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Why do we track polar bears?
This important work helps us to understand the impact that climate change, toxic pollution and other threats are having on different polar bear populations. An important part of polar bear research is understanding the movements of the bears, particularly in relation to sea ice.
To understand how they travel
Over time this information reveals changes and adaptations. For example, in years when there is less sea ice, it will tell us where bears go and how they adapt.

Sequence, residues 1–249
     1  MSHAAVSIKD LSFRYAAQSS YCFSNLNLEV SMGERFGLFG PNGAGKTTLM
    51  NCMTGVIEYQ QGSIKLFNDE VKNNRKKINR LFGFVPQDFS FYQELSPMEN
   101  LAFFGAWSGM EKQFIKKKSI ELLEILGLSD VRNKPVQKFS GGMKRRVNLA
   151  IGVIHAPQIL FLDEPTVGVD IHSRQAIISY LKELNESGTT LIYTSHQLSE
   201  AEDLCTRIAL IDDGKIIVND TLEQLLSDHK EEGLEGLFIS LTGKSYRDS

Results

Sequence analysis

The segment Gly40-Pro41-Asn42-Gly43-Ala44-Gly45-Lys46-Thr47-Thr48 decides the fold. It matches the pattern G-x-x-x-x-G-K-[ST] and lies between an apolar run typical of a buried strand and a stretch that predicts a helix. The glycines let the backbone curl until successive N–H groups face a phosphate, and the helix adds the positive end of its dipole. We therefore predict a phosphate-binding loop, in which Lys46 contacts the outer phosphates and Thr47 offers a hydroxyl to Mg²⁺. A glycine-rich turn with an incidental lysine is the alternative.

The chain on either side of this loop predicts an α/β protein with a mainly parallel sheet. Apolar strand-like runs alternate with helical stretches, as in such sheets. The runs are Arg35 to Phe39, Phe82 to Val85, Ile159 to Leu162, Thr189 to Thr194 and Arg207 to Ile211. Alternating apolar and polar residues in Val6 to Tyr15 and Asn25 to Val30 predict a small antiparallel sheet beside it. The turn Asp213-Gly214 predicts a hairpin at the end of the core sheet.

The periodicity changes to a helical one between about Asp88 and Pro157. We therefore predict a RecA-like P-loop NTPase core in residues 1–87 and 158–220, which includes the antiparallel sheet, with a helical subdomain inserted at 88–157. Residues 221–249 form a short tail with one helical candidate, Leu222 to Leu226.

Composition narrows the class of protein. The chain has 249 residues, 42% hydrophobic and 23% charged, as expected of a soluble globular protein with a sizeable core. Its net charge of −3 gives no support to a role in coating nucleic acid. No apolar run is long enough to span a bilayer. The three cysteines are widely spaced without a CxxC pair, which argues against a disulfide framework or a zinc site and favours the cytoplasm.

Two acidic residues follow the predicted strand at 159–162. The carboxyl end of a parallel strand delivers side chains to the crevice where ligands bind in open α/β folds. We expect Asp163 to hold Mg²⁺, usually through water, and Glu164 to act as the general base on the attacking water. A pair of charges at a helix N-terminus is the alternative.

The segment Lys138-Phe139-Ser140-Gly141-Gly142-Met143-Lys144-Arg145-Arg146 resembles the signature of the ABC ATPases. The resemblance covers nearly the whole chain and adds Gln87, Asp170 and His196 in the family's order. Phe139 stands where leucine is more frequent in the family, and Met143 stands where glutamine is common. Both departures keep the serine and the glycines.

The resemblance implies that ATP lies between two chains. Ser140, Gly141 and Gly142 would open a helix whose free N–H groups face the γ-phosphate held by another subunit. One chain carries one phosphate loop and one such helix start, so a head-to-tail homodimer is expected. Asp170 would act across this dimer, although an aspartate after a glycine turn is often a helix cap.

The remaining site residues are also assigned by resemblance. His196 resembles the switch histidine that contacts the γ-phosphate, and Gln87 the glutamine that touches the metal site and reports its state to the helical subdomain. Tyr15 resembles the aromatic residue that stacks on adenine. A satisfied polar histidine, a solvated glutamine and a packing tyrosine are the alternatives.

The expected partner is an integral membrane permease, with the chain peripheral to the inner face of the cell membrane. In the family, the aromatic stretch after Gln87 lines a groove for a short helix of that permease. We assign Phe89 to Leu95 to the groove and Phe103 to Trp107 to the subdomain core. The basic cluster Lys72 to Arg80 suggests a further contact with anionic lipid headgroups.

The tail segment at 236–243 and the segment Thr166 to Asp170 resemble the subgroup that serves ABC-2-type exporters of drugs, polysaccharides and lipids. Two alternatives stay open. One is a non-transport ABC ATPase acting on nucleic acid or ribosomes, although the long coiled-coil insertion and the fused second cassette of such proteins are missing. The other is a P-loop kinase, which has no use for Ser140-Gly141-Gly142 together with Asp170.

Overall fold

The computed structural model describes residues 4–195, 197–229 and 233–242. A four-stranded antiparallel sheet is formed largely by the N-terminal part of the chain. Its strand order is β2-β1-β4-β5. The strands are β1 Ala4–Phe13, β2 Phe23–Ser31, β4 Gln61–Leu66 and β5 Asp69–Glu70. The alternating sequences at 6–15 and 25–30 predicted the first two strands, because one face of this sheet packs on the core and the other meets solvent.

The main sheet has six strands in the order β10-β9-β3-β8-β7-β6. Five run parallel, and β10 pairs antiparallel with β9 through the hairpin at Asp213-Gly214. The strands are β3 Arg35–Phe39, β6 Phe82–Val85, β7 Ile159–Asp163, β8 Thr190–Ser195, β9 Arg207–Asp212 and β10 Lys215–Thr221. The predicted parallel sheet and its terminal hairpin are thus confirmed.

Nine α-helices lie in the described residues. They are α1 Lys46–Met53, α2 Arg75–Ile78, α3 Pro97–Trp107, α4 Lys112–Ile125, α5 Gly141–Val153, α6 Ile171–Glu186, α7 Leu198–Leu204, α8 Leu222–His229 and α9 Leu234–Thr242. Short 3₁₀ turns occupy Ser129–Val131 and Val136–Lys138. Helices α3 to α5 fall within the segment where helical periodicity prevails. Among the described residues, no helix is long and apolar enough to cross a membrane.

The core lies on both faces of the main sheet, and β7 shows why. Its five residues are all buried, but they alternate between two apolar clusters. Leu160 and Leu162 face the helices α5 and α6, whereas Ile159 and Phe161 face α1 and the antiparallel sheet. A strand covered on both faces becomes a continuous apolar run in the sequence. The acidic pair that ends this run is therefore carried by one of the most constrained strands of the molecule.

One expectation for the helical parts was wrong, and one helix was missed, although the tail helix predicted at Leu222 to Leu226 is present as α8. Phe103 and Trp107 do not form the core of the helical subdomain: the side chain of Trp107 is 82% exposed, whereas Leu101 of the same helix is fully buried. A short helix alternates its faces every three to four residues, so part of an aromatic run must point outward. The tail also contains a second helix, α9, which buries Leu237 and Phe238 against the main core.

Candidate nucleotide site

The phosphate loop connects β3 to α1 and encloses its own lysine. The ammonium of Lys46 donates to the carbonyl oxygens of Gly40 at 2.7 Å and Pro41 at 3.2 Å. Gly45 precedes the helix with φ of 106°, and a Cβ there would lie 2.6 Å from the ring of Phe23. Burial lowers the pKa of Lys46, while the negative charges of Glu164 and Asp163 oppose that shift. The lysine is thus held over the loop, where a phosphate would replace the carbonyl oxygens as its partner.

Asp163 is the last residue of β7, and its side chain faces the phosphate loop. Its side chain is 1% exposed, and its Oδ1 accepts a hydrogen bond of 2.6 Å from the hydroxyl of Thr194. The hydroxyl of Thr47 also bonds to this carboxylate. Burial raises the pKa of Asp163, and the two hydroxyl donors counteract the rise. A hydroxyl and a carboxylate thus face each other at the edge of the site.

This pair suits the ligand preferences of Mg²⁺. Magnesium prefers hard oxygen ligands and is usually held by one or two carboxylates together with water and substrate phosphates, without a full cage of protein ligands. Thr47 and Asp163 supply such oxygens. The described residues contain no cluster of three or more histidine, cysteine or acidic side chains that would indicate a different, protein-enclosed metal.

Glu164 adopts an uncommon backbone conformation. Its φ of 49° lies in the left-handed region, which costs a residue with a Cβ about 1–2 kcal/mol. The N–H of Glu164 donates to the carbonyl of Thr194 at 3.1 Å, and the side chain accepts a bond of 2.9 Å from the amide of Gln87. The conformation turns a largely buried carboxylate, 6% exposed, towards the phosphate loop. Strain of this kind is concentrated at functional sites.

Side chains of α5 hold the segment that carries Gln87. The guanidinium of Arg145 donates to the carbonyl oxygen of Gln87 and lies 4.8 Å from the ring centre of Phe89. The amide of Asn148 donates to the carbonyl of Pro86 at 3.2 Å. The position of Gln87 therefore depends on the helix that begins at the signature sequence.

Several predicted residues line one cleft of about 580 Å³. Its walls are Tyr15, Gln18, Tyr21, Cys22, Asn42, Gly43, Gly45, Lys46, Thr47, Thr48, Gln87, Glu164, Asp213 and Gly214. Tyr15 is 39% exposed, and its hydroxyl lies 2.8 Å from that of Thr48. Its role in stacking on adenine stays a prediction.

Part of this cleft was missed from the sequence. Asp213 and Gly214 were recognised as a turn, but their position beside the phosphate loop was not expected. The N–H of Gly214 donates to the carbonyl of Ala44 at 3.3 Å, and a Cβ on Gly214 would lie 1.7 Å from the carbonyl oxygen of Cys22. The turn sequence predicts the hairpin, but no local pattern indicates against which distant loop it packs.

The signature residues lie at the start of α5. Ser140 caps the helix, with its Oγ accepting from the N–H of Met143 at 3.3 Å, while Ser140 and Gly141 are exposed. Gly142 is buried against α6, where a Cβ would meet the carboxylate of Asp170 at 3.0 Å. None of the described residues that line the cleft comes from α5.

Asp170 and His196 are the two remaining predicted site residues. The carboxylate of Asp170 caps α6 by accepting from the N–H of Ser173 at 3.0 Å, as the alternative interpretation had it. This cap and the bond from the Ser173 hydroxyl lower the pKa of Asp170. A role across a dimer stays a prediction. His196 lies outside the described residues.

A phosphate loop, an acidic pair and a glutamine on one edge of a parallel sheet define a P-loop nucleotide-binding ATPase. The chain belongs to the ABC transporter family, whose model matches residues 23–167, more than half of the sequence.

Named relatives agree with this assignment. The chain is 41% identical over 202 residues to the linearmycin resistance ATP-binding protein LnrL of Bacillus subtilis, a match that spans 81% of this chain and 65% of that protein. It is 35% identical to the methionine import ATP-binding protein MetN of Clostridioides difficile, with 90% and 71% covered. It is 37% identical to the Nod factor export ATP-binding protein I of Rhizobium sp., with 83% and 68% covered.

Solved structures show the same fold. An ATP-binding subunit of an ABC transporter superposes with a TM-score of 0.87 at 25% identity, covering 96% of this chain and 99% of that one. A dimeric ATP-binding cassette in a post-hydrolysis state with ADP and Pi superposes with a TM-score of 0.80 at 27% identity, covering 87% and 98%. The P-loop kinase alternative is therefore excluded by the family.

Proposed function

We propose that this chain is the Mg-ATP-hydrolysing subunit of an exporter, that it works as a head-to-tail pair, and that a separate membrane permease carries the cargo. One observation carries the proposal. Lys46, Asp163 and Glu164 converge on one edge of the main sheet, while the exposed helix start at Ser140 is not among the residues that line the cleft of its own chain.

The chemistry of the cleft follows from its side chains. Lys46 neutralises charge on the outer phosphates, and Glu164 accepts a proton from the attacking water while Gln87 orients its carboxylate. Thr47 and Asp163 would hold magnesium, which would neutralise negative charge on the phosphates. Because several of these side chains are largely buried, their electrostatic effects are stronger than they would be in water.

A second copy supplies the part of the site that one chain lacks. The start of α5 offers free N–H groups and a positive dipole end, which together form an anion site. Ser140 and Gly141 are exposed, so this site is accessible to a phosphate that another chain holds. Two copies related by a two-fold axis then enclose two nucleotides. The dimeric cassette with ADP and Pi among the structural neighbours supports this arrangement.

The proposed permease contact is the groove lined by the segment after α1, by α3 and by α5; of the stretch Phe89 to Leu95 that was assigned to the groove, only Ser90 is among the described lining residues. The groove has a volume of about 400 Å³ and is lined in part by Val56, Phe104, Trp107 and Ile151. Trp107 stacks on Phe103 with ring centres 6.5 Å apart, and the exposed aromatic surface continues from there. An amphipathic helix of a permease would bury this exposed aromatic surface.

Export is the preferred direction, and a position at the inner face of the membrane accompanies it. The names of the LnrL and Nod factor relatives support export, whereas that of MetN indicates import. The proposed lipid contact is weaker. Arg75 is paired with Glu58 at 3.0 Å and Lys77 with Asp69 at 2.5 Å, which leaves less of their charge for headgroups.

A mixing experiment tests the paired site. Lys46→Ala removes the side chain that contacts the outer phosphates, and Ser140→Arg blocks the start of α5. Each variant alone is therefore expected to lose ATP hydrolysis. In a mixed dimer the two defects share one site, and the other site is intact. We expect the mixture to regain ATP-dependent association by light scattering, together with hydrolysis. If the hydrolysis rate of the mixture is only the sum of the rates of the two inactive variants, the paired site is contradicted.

To monitor health
- measuring Its length and weight
- taking samples of blood, fat, hair, and other tissues to identify any toxic contamination
- estimating its age. Like the rings of a tree, the polar bear's teeth have thin layers of bone that show its age. Scientists pull a small tooth, located just behind the large canine teeth and of no use to the bear.